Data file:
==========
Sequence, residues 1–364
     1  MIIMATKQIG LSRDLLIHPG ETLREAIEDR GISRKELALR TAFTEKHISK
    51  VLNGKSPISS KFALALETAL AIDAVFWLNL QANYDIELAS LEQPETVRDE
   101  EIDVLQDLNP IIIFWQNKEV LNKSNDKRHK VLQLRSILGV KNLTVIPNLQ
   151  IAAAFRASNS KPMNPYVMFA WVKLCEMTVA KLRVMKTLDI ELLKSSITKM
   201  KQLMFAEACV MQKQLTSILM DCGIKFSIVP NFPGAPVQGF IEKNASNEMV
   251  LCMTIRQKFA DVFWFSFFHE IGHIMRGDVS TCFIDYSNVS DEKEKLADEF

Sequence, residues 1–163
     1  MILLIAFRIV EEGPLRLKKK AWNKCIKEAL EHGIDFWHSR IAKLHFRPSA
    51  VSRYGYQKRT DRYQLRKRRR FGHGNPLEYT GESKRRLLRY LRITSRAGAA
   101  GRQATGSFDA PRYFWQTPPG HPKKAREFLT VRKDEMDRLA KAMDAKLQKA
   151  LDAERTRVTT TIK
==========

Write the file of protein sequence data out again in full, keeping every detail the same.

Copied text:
Sequence, residues 1–364
     1  MIIMATKQIG LSRDLLIHPG ETLREAIEDR GISRKELALR TAFTEKHISK
    51  VLNGKSPISS KFALALETAL AIDAVFWLNL QANYDIELAS LEQPETVRDE
   101  EIDVLQDLNP IIIFWQNKEV LNKSNDKRHK VLQLRSILGV KNLTVIPNLQ
   151  IAAAFRASNS KPMNPYVMFA WVKLCEMTVA KLRVMKTLDI ELLKSSITKM
   201  KQLMFAEACV MQKQLTSILM DCGIKFSIVP NFPGAPVQGF IEKNASNEMV
   251  LCMTIRQKFA DVFWFSFFHE IGHIMRGDVS TCFIDYSNVS DEKEKLADEF

Sequence, residues 1–163
     1  MILLIAFRIV EEGPLRLKKK AWNKCIKEAL EHGIDFWHSR IAKLHFRPSA
    51  VSRYGYQKRT DRYQLRKRRR FGHGNPLEYT GESKRRLLRY LRITSRAGAA
   101  GRQATGSFDA PRYFWQTPPG HPKKAREFLT VRKDEMDRLA KAMDAKLQKA
   151  LDAERTRVTT TIK